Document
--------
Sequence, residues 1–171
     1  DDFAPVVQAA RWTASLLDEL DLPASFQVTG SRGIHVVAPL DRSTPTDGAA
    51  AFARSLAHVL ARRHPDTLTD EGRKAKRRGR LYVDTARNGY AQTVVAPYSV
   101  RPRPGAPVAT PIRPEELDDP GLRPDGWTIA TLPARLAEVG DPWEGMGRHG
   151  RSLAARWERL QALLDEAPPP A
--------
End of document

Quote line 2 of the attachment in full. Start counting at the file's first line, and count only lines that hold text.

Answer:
     1  DDFAPVVQAA RWTASLLDEL DLPASFQVTG SRGIHVVAPL DRSTPTDGAA